Add a library to the project using the specified source files.

Normal Libraries

add_library(<name> [STATIC | SHARED | MODULE]
            source1 [source2 ...])

Adds a library target called <name> to be built from the source files listed in the command invocation. The <name> corresponds to the logical target name and must be globally unique within a project. The actual file name of the library built is constructed based on conventions of the native platform (such as lib<name>.a or <name>.lib).

STATIC, SHARED, or MODULE may be given to specify the type of library to be created. STATIC libraries are archives of object files for use when linking other targets. SHARED libraries are linked dynamically and loaded at runtime. MODULE libraries are plugins that are not linked into other targets but may be loaded dynamically at runtime using dlopen-like functionality. If no type is given explicitly the type is STATIC or SHARED based on whether the current value of the variable BUILD_SHARED_LIBS is ON. For SHARED and MODULE libraries the POSITION_INDEPENDENT_CODE target property is set to ON automatically. A SHARED or STATIC library may be marked with the FRAMEWORK target property to create an OS X Framework.

If a library does not export any symbols, it must not be declared as a SHARED library. For example, a Windows resource DLL or a managed C++/CLI DLL that exports no unmanaged symbols would need to be a MODULE library. This is because CMake expects a SHARED library to always have an associated import library on Windows.

By default the library file will be created in the build tree directory corresponding to the source tree directory in which the command was invoked. See documentation of the ARCHIVE_OUTPUT_DIRECTORY, LIBRARY_OUTPUT_DIRECTORY, and RUNTIME_OUTPUT_DIRECTORY target properties to change this location. See documentation of the OUTPUT_NAME target property to change the <name> part of the final file name.

If EXCLUDE_FROM_ALL is given the corresponding property will be set on the created target. See documentation of the EXCLUDE_FROM_ALL target property for details.

Source arguments to add_library may use “generator expressions” with the syntax $<...>. See the cmake-generator-expressions(7) manual for available expressions. See the cmake-buildsystem(7) manual for more on defining buildsystem properties.

See also HEADER_FILE_ONLY on what to do if some sources are pre-processed, and you want to have the original sources reachable from within IDE.

Imported Libraries


An IMPORTED library target references a library file located outside the project. No rules are generated to build it, and the IMPORTED target property is True. The target name has scope in the directory in which it is created and below, but the GLOBAL option extends visibility. It may be referenced like any target built within the project. IMPORTED libraries are useful for convenient reference from commands like target_link_libraries(). Details about the imported library are specified by setting properties whose names begin in IMPORTED_ and INTERFACE_. The most important such property is IMPORTED_LOCATION (and its per-configuration variant IMPORTED_LOCATION_<CONFIG>) which specifies the location of the main library file on disk. See documentation of the IMPORTED_* and INTERFACE_* properties for more information.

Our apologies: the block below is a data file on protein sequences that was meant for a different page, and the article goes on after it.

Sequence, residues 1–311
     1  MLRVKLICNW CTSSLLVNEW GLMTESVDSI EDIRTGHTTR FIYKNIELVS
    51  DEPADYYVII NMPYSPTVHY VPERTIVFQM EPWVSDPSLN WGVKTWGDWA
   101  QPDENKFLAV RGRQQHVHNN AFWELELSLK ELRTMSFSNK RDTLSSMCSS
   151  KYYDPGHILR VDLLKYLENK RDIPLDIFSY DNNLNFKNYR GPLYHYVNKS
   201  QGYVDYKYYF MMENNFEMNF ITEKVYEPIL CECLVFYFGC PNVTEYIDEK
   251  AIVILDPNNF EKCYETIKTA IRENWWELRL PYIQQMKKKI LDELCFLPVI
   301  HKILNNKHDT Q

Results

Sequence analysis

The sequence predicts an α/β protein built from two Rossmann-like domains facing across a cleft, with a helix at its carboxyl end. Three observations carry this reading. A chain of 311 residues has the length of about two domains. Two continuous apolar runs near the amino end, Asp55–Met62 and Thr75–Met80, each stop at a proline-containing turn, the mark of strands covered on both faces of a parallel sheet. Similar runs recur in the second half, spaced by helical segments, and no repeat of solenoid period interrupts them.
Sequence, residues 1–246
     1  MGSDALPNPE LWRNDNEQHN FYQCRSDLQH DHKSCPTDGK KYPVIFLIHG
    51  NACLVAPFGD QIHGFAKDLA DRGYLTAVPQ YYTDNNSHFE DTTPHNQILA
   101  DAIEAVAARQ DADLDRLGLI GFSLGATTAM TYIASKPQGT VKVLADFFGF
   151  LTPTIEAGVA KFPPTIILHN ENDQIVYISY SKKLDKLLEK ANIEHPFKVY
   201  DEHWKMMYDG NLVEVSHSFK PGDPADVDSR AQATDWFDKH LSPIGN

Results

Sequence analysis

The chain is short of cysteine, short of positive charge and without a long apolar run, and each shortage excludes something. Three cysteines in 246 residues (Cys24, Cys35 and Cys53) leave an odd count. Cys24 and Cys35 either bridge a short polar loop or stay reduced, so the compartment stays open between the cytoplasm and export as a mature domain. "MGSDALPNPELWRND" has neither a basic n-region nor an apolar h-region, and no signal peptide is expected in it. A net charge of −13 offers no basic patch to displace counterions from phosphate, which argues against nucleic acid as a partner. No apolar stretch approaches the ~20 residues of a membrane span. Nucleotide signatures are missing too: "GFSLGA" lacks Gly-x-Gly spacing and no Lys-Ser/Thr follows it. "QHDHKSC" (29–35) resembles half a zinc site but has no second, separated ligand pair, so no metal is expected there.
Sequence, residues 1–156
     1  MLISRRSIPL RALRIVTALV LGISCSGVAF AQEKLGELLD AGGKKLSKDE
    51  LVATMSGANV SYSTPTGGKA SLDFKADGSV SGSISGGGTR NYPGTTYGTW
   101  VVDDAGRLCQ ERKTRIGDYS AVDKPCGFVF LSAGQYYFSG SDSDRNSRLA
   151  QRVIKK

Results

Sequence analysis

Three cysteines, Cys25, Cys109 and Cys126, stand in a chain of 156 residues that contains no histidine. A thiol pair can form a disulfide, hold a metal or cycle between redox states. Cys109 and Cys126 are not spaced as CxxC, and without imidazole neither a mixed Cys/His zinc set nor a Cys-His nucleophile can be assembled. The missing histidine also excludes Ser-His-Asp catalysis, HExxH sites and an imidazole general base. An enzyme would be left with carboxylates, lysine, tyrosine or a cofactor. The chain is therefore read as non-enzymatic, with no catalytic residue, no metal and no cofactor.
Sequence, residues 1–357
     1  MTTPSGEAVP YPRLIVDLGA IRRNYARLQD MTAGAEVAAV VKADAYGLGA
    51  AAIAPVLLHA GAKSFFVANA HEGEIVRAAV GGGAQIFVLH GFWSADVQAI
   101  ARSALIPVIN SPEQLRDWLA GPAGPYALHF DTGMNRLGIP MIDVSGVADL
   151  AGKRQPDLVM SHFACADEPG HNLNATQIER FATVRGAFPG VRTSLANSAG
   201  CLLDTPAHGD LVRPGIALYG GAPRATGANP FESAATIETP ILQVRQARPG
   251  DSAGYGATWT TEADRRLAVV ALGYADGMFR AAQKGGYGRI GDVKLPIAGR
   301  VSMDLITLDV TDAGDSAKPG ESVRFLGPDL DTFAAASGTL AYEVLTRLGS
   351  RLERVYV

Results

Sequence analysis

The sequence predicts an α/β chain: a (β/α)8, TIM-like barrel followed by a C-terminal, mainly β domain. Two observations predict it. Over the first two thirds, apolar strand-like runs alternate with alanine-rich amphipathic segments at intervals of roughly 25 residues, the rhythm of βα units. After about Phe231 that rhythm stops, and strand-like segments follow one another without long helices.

Object Libraries

add_library(<name> OBJECT <src>...)

Creates an Object Library. An object library compiles source files but does not archive or link their object files into a library. Instead other targets created by add_library() or add_executable() may reference the objects using an expression of the form $<TARGET_OBJECTS:objlib> as a source, where objlib is the object library name. For example:

add_library(... $<TARGET_OBJECTS:objlib> ...)
add_executable(... $<TARGET_OBJECTS:objlib> ...)

will include objlib’s object files in a library and an executable along with those compiled from their own sources. Object libraries may contain only sources that compile, header files, and other files that would not affect linking of a normal library (e.g. .txt). They may contain custom commands generating such sources, but not PRE_BUILD, PRE_LINK, or POST_BUILD commands. Object libraries cannot be linked. Some native build systems may not like targets that have only object files, so consider adding at least one real source file to any target that references $<TARGET_OBJECTS:objlib>.

Alias Libraries

add_library(<name> ALIAS <target>)

Creates an Alias Target, such that <name> can be used to refer to <target> in subsequent commands. The <name> does not appear in the generated buildsystem as a make target. The <target> may not be an Imported Target or an ALIAS. ALIAS targets can be used as linkable targets and as targets to read properties from. They can also be tested for existence with the regular if(TARGET) subcommand. The <name> may not be used to modify properties of <target>, that is, it may not be used as the operand of set_property(), set_target_properties(), target_link_libraries() etc. An ALIAS target may not be installed or exported.

Interface Libraries

add_library(<name> INTERFACE [IMPORTED [GLOBAL]])

Creates an Interface Library. An INTERFACE library target does not directly create build output, though it may have properties set on it and it may be installed, exported and imported. Typically the INTERFACE_* properties are populated on the interface target using the commands:

and then it is used as an argument to target_link_libraries() like any other target.

An INTERFACE Imported Target may also be created with this signature. An IMPORTED library target references a library defined outside the project. The target name has scope in the directory in which it is created and below, but the GLOBAL option extends visibility. It may be referenced like any target built within the project. IMPORTED libraries are useful for convenient reference from commands like target_link_libraries().